Of course, we have preferences: we like the color blue, wish we could live near the ocean, prefer dogs to cats . . . and so on. You may ask, so what’s the problem? The problem is not with preferences as such but negativity and rejection toward anything that is not of our choosing. And really, who are we to judge, to declare someone or something better than another someone or something? Each time we dislike, devalue, reject: days that are too hot, too cold, too rainy; body parts that we hate, all the people who disturb us because they are not the way we want them to be, we distance ourselves further from what is actually before us. It’s due to these very preferences and judgments that we are never okay with what is. This keeps us moored in an alternate universe, not the actual, true state of things that are of the NOW.
Regarding the natural world, there is nothing that is not a perfect, authentic representation of itself because there is nothing that is not a part of Consciousness. Thinking in terms of good and bad is the single greatest hindrance to seeing clearly; ultimately, to Conscious Awakening. As we are dismissing the parts of our earthly experience that we don’t like we are shoring up untruths about ourselves and the everyday world we inhabit. This propensity to judge almost everything can be brought into our awareness by directly experiencing ourselves opinionating in-the-moment. If not then, at least in retrospect. We opinionate from preconceived notions about how the world is supposed to be, not from the Truth—that we are being provided exactly what we need to awaken to what we are, but don’t yet know.
Reality is that which is. It’s not this ephemeral version of reality that is created through the thinking and desiring of the inhabitants of Earth. Reality is Absolute Consciousness. This is not quantifiable. It is not of degrees nor attributes. It’s humans who assign attributes, and thus the judgment of almost everything perceived; a sunset is beautiful, a garbage can is not; we love flowers but hate weeds. These examples are just a mere part of all our aversions. The problem is that what we dislike we brace against. In this contracted state we can’t come into a knowing of what is before us; therefore, we are not perceiving Truth. This should be of concern to us! If we are not sighting/in-sighting from Truth we are not in a loving place. This may be difficult to accept, that we may not always be as loving a person as we think we are. If we can open to experiencing unloving tendencies, and do so without recoiling from or judging them, we then have the opportunity to change course. We can’t alter what is not yet known. We can make those unknown tendencies known.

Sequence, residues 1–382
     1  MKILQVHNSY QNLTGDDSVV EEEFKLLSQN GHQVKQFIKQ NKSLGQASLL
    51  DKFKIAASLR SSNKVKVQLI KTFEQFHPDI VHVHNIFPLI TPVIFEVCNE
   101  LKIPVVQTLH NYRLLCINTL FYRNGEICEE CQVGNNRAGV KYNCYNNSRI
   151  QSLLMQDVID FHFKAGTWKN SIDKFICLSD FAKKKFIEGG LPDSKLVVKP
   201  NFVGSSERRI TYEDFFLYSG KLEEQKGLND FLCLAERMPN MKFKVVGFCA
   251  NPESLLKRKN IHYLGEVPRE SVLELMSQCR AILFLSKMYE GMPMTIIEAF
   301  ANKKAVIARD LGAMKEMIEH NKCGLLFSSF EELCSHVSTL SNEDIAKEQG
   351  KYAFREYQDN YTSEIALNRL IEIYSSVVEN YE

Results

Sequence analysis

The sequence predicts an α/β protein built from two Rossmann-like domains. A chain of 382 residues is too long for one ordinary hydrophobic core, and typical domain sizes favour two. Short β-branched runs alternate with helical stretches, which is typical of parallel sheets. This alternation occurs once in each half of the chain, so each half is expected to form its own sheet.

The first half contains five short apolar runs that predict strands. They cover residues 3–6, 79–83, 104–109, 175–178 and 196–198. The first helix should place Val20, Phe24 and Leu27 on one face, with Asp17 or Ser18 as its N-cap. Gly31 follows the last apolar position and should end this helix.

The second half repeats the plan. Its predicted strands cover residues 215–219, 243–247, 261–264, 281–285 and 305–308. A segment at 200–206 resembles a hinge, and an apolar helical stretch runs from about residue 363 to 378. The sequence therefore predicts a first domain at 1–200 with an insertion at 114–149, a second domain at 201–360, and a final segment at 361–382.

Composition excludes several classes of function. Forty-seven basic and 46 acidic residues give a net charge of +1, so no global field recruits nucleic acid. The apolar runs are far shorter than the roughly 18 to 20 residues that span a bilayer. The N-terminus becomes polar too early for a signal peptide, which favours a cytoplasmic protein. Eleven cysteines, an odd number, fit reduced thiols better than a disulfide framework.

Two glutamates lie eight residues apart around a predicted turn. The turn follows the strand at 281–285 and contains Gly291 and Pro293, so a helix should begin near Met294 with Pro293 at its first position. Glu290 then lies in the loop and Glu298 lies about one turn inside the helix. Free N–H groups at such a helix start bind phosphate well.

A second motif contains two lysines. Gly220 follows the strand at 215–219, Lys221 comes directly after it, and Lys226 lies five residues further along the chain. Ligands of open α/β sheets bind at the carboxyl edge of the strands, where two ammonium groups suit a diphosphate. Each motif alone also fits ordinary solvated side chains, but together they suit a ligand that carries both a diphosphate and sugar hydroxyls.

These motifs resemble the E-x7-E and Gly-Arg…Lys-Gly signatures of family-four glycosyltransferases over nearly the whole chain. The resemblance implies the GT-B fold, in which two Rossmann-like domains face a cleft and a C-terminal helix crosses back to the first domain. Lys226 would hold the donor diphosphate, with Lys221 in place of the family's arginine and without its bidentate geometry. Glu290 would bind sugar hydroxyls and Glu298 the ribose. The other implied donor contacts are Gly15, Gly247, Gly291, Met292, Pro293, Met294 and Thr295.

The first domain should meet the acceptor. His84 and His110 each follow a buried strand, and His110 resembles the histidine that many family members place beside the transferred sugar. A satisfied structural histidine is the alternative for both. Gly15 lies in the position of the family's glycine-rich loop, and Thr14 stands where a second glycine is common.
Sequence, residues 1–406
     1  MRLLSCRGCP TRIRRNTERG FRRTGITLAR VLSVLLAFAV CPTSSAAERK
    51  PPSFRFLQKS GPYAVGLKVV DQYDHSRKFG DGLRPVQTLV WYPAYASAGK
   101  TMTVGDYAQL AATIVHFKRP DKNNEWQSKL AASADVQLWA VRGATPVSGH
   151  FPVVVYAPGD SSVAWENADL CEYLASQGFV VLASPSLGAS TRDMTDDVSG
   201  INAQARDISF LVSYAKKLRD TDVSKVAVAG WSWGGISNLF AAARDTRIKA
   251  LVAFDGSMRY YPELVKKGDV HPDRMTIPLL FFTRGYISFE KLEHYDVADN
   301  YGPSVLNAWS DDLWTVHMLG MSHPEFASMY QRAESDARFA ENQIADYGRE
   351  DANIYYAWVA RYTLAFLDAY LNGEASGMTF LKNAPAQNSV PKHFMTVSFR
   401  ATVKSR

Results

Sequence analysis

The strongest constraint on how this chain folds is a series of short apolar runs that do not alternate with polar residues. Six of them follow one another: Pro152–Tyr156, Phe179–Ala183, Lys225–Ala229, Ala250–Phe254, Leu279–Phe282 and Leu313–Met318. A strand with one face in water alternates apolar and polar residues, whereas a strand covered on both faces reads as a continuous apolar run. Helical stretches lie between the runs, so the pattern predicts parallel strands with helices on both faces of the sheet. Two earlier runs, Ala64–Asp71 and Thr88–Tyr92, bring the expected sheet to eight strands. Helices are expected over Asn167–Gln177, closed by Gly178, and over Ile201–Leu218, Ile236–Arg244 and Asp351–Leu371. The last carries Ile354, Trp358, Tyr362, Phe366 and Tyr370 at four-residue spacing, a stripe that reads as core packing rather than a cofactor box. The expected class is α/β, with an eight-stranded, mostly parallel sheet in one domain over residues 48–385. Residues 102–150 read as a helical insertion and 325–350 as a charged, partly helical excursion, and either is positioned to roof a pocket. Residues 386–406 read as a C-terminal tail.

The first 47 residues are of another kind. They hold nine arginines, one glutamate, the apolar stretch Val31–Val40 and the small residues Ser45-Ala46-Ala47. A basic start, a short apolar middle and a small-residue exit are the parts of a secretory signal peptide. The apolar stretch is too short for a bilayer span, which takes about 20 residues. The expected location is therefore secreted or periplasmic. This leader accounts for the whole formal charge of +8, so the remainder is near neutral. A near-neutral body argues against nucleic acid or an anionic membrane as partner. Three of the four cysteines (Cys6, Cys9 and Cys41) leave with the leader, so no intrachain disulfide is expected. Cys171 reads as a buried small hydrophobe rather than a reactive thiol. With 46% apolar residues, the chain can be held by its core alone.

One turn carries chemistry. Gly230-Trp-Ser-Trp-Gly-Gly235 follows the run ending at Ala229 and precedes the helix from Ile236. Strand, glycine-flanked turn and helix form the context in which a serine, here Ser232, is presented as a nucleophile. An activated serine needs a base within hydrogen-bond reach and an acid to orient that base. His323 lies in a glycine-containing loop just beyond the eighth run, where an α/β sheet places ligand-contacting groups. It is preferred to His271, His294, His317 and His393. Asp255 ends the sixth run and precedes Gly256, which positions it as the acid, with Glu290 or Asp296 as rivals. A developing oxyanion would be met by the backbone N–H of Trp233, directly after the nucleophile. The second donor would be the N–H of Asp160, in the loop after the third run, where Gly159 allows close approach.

There are no “good” or “bad” places to be situated. There is the moment that is before us. If you are fully present wherever you are that is as straight up as you can get. That presence is what situates us in the reality of the Now. We unsettle ourselves by separating from what we don’t like and don’t want to face. This penchant for fault-finding drives almost all human actions and leads to the contraction of our being and the ensuing pain and turmoil that result from that closed-off state. When only certain things, certain people are acceptable to us, deserving of our attention, we reside heavily in rejection – of all that we encounter that is not to our liking. The tragedy is not just our mistaken notions about love but all the opportunities missed to partake in the wonderment of exactly what is before us. And, yes, that perfect essence resides in a garbage can no less than a field of flowers in bloom.
We can come to realize this propensity to compare and adjudicate by observing it in process. But first, we must decide if we are open to new information reaching us, even if that information is difficult to witness. It may be frightening to behold unflattering aspects of ourselves, but the only way to fine-tune our awareness is to stay-put through that fear as a pathway to self-knowledge. Once we Know; that is, we see clearly how judgment has disconnected us from a more expansive, loving state, we may then experience a Metemoia. This is a word of Greek origin. It means “a radical change of heart”. Within our very own operating system, that is ours to manage, lie many opportunities to awaken to the moment, to intuit beyond our usual arena of perception, and thus to reside in a more loving state of Being.